A woman checks for her name on the draft list of the National Register of Citizens in Chandamari village in the northeastern state of Assam, India, January 2, 2018.
A woman checks for her name on the draft list of the National Register of Citizens in Chandamari village in the northeastern state of Assam, India, January 2, 2018.

After her husband disappeared the previous evening and she anxiously awaited his return home throughout the night, Ruksha Khan got a message from a neighbor in the morning of New Year’s Day that someone had committed suicide.

Ruksha rushed to the spot to discover it was the body of her husband, Hanif Khan, hanging from a tree.

She said her husband committed suicide fearing police action after he found his name missing from the state’s just-published National Register of Citizens. Ruksha said her husband, an ethnic Bangladeshi, was born in India and that he was an Indian citizen because his father’s name had appeared in the Indian citizen’s voter list published in 1971.

Ruksha Khan sitting with a photo of her husband Ha
Ruksha Khan holds a photo of her husband, Hanif Khan, in front of her house in Kashipur village of Assam state in India, Jan. 12, 2018.

“For the past two or three months, he was so anxious about his name being missed by the NRC that he stopped eating and sleeping properly," Ruksha told VOA. "He often said to me that he would be arrested [as an illegal immigrant], kept in detention centers, and tortured.”

1971 crackdown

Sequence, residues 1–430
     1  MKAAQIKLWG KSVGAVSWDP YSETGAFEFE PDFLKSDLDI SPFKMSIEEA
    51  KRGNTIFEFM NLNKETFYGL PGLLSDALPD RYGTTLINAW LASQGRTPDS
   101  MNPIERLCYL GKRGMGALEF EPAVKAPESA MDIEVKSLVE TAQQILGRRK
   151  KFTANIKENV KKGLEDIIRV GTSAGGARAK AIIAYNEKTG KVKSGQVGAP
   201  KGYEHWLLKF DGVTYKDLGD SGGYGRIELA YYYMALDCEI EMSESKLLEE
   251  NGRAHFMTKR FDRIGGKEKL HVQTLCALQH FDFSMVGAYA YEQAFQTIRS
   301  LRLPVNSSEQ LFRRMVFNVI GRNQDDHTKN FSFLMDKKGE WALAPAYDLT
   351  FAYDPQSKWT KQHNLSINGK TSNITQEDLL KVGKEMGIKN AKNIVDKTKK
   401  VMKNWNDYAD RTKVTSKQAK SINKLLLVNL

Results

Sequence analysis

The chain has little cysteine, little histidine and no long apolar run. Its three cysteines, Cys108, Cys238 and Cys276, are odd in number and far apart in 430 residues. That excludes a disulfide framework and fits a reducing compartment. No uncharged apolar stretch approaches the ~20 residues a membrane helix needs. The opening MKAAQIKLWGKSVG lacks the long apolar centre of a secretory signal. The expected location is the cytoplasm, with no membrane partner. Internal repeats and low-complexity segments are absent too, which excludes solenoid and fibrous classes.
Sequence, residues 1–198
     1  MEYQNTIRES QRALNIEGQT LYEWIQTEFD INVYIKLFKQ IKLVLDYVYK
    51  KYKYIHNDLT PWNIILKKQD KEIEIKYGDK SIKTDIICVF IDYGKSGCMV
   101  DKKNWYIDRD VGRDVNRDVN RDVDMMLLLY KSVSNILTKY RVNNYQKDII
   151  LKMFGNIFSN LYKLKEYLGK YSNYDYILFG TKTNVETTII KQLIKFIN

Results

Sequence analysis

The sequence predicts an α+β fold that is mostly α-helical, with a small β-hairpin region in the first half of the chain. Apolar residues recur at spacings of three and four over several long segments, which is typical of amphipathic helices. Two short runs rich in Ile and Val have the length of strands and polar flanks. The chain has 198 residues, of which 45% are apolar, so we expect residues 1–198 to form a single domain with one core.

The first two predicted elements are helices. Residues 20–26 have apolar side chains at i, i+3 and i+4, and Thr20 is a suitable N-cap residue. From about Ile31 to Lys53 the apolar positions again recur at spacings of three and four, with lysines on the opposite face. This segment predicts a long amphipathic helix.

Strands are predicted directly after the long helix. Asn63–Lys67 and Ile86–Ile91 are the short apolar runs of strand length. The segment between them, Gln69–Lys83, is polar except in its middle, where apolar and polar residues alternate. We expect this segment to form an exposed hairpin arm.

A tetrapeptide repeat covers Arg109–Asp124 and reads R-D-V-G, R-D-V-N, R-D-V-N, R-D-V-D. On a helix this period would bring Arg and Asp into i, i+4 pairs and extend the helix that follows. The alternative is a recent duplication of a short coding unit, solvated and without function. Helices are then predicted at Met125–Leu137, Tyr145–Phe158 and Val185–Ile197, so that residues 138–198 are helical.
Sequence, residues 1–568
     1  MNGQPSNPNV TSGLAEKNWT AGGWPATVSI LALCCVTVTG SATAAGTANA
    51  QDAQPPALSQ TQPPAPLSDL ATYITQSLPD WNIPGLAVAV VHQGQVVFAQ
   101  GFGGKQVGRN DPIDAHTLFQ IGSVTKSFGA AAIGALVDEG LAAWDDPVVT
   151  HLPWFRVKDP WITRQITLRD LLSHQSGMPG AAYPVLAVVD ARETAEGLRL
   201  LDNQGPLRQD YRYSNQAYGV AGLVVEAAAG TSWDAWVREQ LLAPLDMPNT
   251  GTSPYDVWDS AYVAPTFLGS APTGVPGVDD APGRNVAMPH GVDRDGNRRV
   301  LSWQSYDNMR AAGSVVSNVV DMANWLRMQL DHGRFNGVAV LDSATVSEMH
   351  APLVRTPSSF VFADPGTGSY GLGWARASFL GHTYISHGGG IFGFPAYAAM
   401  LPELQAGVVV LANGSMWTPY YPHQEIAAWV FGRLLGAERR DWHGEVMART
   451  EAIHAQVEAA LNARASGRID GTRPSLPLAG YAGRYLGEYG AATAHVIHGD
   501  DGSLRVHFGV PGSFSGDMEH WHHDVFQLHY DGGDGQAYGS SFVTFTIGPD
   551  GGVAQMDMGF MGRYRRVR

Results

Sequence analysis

Bengali-speaking people from the territory of what is now Bangladesh began migrating to Assam in Northeast India centuries ago. After Pakistan launched a 1971 military crackdown in East Pakistan, which is present day Bangladesh, hundreds of thousands of Hindus and Muslims crossed over into Assam, seeking refuge in the Indian state.

In early the 1980s, Assamese indigenous people agitated for the deportation of all illegal immigrants from the northeastern state, saying they threatened the livelihood of the local people by taking away jobs and other resources.

In 1985, the Indian government signed a Memorandum of Settlement (MoS) called the Assam Accord, pledging to identify all illegal immigrants in Assam and deport them. Those who crossed over to Assam from Bangladesh after March 24, 1971, would be identified as illegal immigrants, according to that MoS.

Although that agreement counted all Hindus and Muslims as illegal if they crossed over after that date, Prime Minister Narendra Modi’s BJP government has made it easier for non-Muslim immigrants to gain citizenship in India since they swept to power nationally in 2014.

The BJP-led government has been in the process of amending a law so that no non-Muslim, if he can prove that he was in India before the end of 2014, will be considered an illegal immigrant.

Women stand next to policemen as they wait to chec
Women stand next to policemen as they wait to check their names on the draft list of the National Register of Citizens (NRC) at an NRC center in Chandamari village in Goalpara district, in the northeastern state of Assam, India, Jan. 2, 2018.

?Missing names